The older brother took his little brother down and actually started looking out for him. Do I need a cookie? While it would be nice to have one right now, that’s not even close to being necessary. It’s not even necessary to get an award at the end of year. The fact that I can help teach a kid in my neighborhood about taking responsibility for caring for his little brother is just a little thing that helps make the black community a little better. Black people who chose to stay in the black community don’t get rewards for making the sacrifice to do what’s right for the black community. When we see the kids in our neighborhoods throwing rocks into a neighbor’s garage, looking for something to do because the nearest community center is about three miles away, we are there to stop them and make them realize that not only are they doing something wrong, but there are other people watching them.
They don’t give awards for people who sleep in the center of the black community at night, who wake up in the middle of sleeping to hear gunshots outside and press local politicians to take responsibility for cleaning up the community the way they promised when they were trying to be elected or trying to stay in office. However, I really don’t think that this type of strategy to help counter some of the social problems of the black community makes me a hypocrite. In fact, I suffer no doubt that I’m being hypocritical at all.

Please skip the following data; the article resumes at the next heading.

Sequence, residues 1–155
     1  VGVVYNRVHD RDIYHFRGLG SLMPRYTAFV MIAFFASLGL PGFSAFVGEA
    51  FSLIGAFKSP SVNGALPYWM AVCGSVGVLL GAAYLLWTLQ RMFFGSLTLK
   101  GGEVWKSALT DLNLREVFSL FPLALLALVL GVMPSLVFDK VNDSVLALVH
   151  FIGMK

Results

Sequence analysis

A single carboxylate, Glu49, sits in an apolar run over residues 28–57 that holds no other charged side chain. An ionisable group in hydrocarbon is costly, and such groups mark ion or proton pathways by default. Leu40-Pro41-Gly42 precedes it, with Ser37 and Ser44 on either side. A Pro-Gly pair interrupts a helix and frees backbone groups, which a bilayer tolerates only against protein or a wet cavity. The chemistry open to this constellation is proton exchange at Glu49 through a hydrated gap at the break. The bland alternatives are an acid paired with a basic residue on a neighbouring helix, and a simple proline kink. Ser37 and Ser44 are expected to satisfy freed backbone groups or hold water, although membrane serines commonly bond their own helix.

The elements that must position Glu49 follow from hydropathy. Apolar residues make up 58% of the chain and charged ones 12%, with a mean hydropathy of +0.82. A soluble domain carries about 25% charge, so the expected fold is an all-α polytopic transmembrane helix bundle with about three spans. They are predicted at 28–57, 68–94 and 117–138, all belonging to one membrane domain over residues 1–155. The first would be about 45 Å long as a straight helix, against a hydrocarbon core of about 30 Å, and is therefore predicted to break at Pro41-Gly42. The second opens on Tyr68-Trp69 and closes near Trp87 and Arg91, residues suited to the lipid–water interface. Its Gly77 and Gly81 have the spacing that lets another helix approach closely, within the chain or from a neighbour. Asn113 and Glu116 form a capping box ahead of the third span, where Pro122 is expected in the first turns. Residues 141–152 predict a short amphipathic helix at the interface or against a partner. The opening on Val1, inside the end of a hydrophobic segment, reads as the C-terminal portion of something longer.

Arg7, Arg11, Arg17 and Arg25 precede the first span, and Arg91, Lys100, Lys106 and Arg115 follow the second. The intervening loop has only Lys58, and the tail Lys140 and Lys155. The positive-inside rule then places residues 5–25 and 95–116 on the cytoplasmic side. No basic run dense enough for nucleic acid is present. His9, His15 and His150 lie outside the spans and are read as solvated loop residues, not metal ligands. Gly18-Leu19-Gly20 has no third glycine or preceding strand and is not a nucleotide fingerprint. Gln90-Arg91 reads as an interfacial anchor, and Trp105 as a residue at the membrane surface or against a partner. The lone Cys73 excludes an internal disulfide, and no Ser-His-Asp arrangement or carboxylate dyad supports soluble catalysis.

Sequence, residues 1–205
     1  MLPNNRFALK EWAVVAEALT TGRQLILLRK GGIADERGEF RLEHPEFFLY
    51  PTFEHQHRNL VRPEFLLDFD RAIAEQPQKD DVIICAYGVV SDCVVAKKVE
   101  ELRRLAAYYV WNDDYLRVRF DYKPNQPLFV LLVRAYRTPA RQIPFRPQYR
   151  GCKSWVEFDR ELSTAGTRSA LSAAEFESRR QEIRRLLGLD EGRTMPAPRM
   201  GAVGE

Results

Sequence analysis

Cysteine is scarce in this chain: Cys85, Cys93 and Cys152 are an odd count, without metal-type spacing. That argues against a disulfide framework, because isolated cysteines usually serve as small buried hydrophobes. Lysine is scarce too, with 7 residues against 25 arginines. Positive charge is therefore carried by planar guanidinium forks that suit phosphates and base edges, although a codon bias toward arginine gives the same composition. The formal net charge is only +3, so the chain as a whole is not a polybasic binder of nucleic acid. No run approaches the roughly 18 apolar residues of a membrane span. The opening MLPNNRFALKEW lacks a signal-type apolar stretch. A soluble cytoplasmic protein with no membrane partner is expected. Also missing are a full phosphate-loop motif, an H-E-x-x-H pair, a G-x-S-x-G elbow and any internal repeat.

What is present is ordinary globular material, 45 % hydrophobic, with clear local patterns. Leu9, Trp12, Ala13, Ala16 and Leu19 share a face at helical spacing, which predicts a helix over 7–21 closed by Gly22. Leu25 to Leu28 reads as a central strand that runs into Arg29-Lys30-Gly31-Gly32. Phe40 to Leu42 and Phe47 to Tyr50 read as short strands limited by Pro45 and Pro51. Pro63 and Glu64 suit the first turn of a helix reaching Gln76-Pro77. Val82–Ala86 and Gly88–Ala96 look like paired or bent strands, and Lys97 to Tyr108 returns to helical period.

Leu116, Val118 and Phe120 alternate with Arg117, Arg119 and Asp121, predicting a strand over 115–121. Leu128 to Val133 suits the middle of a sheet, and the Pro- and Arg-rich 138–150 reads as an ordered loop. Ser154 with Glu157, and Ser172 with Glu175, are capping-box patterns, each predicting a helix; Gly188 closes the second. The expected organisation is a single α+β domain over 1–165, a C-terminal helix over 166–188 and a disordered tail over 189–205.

“This is why I care brothapeacemaker. While working in the teen center, there were some rough looking young men in there. I mean, to the common white person (and even some blacks) they looked like thugs. I’M FROM A CITY THAT IS 95% OR MORE BLACK. These were the bay-bays and shine dogs that I grew up with when I was a young kid. I saw the kid in these teens. After they get to know you a little, the tough shield starts to dissipate and what’s really there is a teenage kid that has hopes and dreams that are constantly being [challenged] by OUR culture.” – Regular Brotha